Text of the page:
Wrapping up 2020…

This week I spent a good deal of time following the proceedings of the AQCC.  After having read most of the GHG Roadmap and the Ozone Reduction SIP (over the course of the last couple of months), I sent in a written comment and also signed up to speak Wednesday night.  There was a good turn out, with statements from numerous elected officials including our own County Commissioner, John Kefalas.  Some comments were general, some focused on specific aspects of the SIP, but overall it was an hour and a half (I left before all the comments had been completed) of unanimous pleas for the commission to tighten regulations and to be more aggressive in reducing emissions.  

The next morning, I rejoined the AQCC zoom meetings to hear the staff response.  I sensed there was some disappointment that the public seems to under-appreciate the work that has been done and the progress that has been made.  A lot of their presentation was spent detailing the legal and procedural constraints that would make it nearly impossible for them to rewrite the SIP at this late date in order to include all of the alternatives that were being demanded, including the proposed early closings of the three coal generators.  There would be several serious consequences to any delay in submitting the SIP to the EPA.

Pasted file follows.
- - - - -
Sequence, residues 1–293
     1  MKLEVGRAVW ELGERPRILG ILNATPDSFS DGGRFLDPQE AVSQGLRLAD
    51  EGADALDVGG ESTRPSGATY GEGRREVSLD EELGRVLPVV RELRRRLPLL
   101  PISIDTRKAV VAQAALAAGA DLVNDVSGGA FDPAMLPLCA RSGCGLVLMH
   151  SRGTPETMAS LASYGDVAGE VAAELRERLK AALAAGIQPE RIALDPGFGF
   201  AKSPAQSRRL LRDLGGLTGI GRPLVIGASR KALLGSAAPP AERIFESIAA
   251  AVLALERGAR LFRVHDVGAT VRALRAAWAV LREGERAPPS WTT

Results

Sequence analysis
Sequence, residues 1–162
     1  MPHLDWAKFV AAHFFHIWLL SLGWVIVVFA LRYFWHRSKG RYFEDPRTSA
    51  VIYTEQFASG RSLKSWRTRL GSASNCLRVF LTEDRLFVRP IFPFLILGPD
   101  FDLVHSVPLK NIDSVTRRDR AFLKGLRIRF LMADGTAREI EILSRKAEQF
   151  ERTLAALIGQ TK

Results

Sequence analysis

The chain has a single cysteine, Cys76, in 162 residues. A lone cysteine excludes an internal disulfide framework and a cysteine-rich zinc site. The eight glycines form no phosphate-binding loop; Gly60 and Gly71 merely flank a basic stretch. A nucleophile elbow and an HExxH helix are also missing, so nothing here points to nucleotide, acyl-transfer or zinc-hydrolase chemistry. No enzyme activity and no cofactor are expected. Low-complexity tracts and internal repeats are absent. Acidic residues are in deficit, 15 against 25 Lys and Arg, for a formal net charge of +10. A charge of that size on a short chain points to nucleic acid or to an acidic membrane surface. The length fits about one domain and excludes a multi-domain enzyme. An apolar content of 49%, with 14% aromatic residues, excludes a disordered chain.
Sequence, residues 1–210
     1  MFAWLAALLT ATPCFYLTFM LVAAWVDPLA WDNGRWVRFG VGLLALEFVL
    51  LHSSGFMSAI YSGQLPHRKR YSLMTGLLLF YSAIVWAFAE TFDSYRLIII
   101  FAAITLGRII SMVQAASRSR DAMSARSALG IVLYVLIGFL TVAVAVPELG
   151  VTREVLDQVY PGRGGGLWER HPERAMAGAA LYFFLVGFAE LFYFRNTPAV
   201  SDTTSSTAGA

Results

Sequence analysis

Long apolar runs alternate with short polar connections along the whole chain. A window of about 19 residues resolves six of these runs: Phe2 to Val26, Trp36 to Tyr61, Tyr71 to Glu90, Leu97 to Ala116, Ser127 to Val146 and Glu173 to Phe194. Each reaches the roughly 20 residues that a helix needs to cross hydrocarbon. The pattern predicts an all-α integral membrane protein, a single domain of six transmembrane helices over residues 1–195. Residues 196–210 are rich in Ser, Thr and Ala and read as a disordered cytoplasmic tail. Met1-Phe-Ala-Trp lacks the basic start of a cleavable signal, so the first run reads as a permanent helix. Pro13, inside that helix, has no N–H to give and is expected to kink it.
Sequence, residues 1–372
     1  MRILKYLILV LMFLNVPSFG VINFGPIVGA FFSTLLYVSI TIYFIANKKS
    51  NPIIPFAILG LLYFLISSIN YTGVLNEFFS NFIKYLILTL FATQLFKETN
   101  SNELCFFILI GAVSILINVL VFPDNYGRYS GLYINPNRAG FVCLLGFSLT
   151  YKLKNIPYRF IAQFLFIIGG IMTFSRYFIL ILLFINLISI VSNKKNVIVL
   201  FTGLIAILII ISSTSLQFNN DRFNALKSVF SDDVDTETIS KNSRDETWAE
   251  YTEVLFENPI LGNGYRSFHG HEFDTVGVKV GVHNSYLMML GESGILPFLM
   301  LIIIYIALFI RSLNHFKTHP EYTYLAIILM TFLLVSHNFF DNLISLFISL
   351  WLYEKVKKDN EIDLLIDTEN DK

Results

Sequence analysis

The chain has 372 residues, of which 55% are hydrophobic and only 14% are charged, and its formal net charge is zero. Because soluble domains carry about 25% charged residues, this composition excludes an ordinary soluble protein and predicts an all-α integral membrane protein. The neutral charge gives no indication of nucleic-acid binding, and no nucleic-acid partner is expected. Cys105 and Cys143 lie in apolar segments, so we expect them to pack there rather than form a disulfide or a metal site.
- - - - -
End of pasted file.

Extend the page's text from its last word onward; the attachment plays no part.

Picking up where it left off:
They acknowledged that more needs to be done, and pointed out that there will be opportunities in the future for more revisions.

It was also mentioned that some of the comments received seemed to conflate regulations relating to O&G and those that relate to major sources of emissions that are non-O&G.

Between these two meetings I also had the privilege of participating in an excellent three-night on-line summit hosted by LOGIC. (I know many of you were also in attendance.)  Senator Faith Winter was the keynote speaker Wednesday evening and she gave a fabulous tutorial regarding effective advocacy for climate change.  From her talk and from the information I gleaned listening in to the AQCC, I have the following take-aways:

1)  Not all losses are really losses;  the testimony (both written and oral) given to the AQCC will likely bear fruit down the road.

2)  We have to get into the game early–staff mentioned that there were numerous opportunities for public comment during the summer when there would have been more time to incorporate alternatives; we have to do our homework, build relationships; and join the process early on.